BiSON consists of a network of six remote solar observatories monitoring low-degree solar oscillation modes. It is operated by the High Resolution Optical Spectroscopy group of the School of Physics and Astronomy at the University of Birmingham, UK. We are funded by the Science and Technology Facilities Council (STFC).

A Journey to the Center of the Sun


Helioseismology is the study the interior of the Sun by observation of its natural resonant modes of oscillation. In summary, the Sun resonates like a wind instrument, with the dominant periods observed at about five minutes. The Sun acts as a natural cavity to trap sound, which is generated by turbulence in the outermost few-hundred-kilometers of the convection zone. While this thin ‘generation’ layer occupies but an insignificant fraction, by radius, of the entire star, the sound made within the layer can in principle penetrate to the very centre of the Sun.

Standing waves set up in three dimensions give acoustic modes, which provide a probe of the interior layers that the constituent waves traverse. We specialise in the observation and study of modes formed by waves that penetrate the core of the Sun. Without these modes, scientists would not be able to map out the structure of the deep interior of the star.

Through helioseismology, the Sun fulfils the role of a Rosetta stone for astrophysics. Helioseismology allows us to study the Sun in great detail. Through this we can inform our understanding of the life histories of the Sun and stars. Stars are, after all, one of the structural ‘building blocks’ of the universe, and the keys to supporting life. Helioseismology also allows us to test fundamental physics, under the exotic conditions found in the solar interior. Perhaps the most conspicuous example of this was the use of helioseismology to ‘test’ the solar neutrino problem, which pointed the way to a solution in particle physics.

The analysis techniques that we apply to `Sun-as-a-star’ data are also applicable to observations of oscillations of distant, Sun-like stars: asteroseismology. Results from asteroseismology will test stellar evolution theory even more stringently, i.e., can theories predict the structures of a selection of stars at different points on their life cycles? It will also provide crucial, further information for stellar dynamo modellers, who seek to understand the origins of activity on stars.

Solar Oscillations

Properties of sound waves in the Sun

In 1970 Roger Ulrich at UCLA suggested that sound waves travelling from the interior of the Sun up to the surface would be reflected back in again at the surface boundary. Imagine a wave normal to the surface of the Sun and travelling towards the centre. As the wave travels deeper into the interior, the temperature increases and the wave is progressively refracted away from the normal until it turns around and returns to the surface. At the Sun’s surface the sharp density gradient causes subsequent reflection and the wave heads back into the Sun.

The more often a wave returns to the surface, the less deeply it penetrates before being turned back (the green path). Conversely, waves reflected only a few times from the surface probe much deeper into the Sun (the blue path).

Just as with conventional sound waves in a musical instrument, sound waves in the Sun can constructively reinforce to produce a standing wave. The constructive and destructive interference of the sound waves result in regions of low and high pressure within the Sun’s interior. As the Sun is a three dimensional object, these pressure nodes are distributed throughout its interior and solar scientists use a numbering convention to describe the number of nodes present in a particular standing wave configuration. The letters n, l and m are used to represent the number of nodes distributed throughout the spherical geometry of the sun where:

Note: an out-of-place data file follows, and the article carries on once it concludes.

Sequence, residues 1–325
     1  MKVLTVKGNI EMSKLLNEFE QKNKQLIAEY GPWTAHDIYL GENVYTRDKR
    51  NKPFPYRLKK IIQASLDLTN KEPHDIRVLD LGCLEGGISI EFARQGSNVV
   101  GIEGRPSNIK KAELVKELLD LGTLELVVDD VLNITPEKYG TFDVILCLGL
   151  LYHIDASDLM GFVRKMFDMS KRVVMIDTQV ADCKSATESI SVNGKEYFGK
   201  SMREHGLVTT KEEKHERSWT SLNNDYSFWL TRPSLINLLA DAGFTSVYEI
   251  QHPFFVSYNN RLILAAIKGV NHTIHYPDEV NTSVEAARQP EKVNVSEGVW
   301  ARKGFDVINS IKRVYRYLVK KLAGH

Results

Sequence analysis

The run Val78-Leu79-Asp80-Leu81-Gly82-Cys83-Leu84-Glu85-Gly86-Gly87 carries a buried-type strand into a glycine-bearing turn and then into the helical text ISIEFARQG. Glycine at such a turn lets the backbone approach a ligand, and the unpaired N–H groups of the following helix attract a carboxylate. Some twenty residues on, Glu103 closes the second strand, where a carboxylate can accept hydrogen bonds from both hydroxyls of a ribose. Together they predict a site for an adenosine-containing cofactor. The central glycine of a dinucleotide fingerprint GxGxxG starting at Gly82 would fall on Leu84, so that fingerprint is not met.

• n is the number of nodes radially outward from the centre of the Sun
  • m is the number of nodes found around the equator
  • l is the number of nodes found around the azimuth (a great circle through the poles)
  • m can take any value from -l to 1. A particular arrangement of n, m, and l is known as a mode of oscillation. For example, by using this notation stellar physicists can distinguish between the n = 20, l = 2, m = 2 and the n = 20, l = 1, m = 1 modes.

The following diagram illustrates various modes of oscillation of the Sun with their corresponding values of n, l and m.Diagram showing six different modes of oscillation of the Sun

In the diagrams to the left you can think of the blue regions as moving towards you and the red regions moving away from you. At HiROS we measure the Doppler shift from such regions. Information from the whole surface of the Sun is collected and then interpreted to find information about the standing waves in the Sun’s interior which cause it to oscillate. Because some of these modes are formed by sound waves which penetrate into the deep interior of the Sun, this provides scientists with an unprecedented opportunity to study these core regions, where the nuclear reactions which power the Sun and also drive its evolution (and, of course, provide us with a comfortable environment here on Earth!) take place. These core-penetrating modes were first observed by the HiROS group in the mid-1970’s. As with a musical note produced in a flute, say, there will be a fundamental mode of vibration with higher harmonics imposed on top. By using Fourier analysis, specifically the use of the Fourier transform, it is possible to find the frequencies of the notes that make up the total signal. These techniques are applied to the modes of vibration of the sun to obtain the frequencies present in the oscillations.